On the other hand, perhaps this plot structure signifies cultural anxiety about lesbians competing with men. Then again, maybe it’s aimed at straight women, suggesting it’s okay to have sex with girls as long as you go on to marry a man. In fact, a kiss, some sex, even playing at a relationship is kind of cool--for a while. I’m still not sure what the pattern means, but it seems worth tracking.

In Puccini for Beginners, happily, Allegra affirms her choice to be with women, even as no one judges anyone else for making other choices. Her decision to finally accept the potential of a long term monogamous relationship with Samantha seems a bit of a compromise, after her refreshing aversion to commitment (we all know the joke about lesbians bringing U-Hauls to their first dates). Puccini’s message is liberal, for sure, but delivered with a light touch and enough comic verve to make for a fun evening in front of the flat screen TV.

As an old-time (and getting-kind-of-old) lesbian feminist, I’ll keep mining those lesbian DVD catalogues, still amazed that I now have so many choices for amusing pleasures besides Desert Hearts.

Happy for eye candy,
The Feminist Spectator

Wednesday, September 05, 2007

Revisiting Kyra Sedgwick in The Closer

I’ve been watching The Closer again, which brightened up the summer television season considerably. This year, Brenda Leigh Johnson (the inestimable Kyra Segwick) got some press for sharpening her wardrobe. True, she no longer looks like she shops for clothes at Walmart, but I enjoy that her clothes are still loud and flashy, way off the mark for a professional Deputy Chief (I would suppose). That is, while the men suit up in neutral ties and dress shirts and pants—and even Daniels, the only other woman on the squad, tends to wear dark, somber colors—Brenda Leigh flounces into the office in bold black and white stripes or flowery prints, often wearing the sombrero-style white straw hat that’s become a nearly permanent part of her ensemble. Yet for all her outré fashion choices, Brenda’s not terribly concerned with how she looks, and her outfits don’t get in the way of the professional respect she easily commands in her job.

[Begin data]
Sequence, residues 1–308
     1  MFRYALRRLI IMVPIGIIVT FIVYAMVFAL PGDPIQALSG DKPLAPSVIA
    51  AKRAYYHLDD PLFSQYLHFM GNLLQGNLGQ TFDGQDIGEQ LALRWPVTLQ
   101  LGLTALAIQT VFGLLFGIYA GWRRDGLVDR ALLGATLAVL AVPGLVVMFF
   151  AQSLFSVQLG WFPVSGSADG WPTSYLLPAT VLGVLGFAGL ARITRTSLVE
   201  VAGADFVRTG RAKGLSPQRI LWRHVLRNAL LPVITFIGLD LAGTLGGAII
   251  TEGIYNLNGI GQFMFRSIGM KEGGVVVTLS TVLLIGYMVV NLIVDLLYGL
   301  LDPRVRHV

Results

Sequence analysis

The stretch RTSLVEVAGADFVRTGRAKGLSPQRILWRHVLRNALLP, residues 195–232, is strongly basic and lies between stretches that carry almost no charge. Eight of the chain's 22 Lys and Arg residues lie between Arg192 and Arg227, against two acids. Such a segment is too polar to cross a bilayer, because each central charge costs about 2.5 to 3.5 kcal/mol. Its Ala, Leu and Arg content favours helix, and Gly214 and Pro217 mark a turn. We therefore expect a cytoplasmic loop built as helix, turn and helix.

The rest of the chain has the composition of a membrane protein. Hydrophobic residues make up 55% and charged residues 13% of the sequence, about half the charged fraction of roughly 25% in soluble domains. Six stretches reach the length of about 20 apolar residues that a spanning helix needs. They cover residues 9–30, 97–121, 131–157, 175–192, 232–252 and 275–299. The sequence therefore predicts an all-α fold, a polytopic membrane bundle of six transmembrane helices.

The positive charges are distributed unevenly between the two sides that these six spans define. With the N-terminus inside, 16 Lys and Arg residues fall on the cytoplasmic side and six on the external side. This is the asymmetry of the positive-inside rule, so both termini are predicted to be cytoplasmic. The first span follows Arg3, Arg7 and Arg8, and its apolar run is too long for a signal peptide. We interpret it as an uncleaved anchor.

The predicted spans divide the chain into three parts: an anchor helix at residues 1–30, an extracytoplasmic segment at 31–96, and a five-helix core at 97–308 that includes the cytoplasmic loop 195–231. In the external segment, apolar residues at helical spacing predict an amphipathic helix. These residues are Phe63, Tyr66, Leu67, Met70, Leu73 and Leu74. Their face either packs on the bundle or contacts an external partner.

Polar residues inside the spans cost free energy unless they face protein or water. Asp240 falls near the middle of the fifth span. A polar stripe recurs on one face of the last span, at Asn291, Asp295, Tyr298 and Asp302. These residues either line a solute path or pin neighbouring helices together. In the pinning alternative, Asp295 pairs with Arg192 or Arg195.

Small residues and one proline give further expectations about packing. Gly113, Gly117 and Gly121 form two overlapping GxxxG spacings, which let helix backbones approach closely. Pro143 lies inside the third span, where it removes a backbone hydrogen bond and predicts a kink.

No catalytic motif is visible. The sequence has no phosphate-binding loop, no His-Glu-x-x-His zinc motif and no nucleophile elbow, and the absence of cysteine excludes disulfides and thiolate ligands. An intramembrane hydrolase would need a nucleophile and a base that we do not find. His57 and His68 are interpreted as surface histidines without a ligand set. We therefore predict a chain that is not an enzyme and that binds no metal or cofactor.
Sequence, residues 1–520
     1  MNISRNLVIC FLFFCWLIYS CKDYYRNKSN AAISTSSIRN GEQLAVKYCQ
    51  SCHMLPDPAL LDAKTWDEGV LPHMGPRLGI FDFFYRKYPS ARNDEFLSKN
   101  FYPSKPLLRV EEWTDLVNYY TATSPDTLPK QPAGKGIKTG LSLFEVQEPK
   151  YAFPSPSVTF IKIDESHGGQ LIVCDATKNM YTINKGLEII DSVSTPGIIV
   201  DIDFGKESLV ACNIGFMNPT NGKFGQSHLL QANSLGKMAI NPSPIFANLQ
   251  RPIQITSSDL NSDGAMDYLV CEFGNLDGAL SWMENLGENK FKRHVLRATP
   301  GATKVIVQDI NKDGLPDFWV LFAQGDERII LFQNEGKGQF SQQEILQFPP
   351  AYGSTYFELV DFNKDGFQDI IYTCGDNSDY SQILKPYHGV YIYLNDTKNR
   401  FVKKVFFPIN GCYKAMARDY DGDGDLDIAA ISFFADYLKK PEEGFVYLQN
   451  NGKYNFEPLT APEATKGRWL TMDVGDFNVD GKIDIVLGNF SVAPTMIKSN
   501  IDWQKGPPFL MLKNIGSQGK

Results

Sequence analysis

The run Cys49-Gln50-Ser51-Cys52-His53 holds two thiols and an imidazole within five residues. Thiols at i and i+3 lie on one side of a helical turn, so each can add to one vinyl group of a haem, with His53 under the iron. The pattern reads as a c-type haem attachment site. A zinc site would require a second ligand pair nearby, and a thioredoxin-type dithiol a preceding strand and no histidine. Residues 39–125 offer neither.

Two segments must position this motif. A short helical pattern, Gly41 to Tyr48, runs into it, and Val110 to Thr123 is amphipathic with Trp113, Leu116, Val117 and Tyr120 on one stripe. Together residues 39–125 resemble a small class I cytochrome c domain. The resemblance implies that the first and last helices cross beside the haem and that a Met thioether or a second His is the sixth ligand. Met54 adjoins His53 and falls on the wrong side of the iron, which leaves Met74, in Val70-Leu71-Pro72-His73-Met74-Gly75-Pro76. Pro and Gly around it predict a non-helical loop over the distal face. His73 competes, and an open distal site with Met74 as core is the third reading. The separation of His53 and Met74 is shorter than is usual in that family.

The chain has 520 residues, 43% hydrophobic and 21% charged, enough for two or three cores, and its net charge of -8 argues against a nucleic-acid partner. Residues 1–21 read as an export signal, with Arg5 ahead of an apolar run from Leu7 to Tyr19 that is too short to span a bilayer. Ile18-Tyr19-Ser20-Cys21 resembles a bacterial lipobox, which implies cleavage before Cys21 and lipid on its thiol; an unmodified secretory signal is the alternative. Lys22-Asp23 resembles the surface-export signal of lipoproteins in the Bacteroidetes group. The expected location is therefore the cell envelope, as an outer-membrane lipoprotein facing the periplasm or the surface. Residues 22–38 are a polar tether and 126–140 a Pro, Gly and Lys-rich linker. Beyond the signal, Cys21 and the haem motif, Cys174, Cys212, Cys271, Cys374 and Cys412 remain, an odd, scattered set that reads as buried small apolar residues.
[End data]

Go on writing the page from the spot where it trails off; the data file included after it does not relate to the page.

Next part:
Brenda’s also been eating a little less candy this season, although when her doctor recently suggested she’d feel better if she gave up sugar, Brenda’s face was a study in panic and defiance. Early onset menopause is her current idiosyncrasy, a condition that could have provided grist for plenty of low comedy, but instead has prompted Brenda’s humanization and a new performance of intimacy and respect between her and the crew.

Sergeant Daniels was conveniently out of the office, training for Homeland Security detail, when Brenda’s hot flashes began, leaving her male co-workers to scratch their heads over Brenda’s instantaneous mood swings, her irritability, and her prodigious sweating. Even Brenda has been flummoxed and outraged by her frequent spells of apparent heat stroke.

Accepting this story-line requires just a little leap of faith—who wouldn’t assume that a woman in her 40s (even her early 40s) might be feeling hormonal changes, especially given Brenda’s symptoms? But holding off on her doctor’s diagnosis allowed the writers to play out the huge effect her body has on her comportment (and her company), if never her on-the-job performance. She might snap at her squad and complain when information doesn’t come at her fast enough, but she solves her cases as efficiently and effectively as ever.